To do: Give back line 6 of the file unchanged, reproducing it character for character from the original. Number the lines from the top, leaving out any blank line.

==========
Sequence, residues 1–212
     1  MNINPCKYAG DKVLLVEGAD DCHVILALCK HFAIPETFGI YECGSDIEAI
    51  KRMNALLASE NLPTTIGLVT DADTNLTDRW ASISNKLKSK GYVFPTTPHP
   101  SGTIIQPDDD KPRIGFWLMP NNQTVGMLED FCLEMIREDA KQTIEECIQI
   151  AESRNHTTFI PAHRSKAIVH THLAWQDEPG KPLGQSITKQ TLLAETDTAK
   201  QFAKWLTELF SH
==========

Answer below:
   201  QFAKWLTELF SH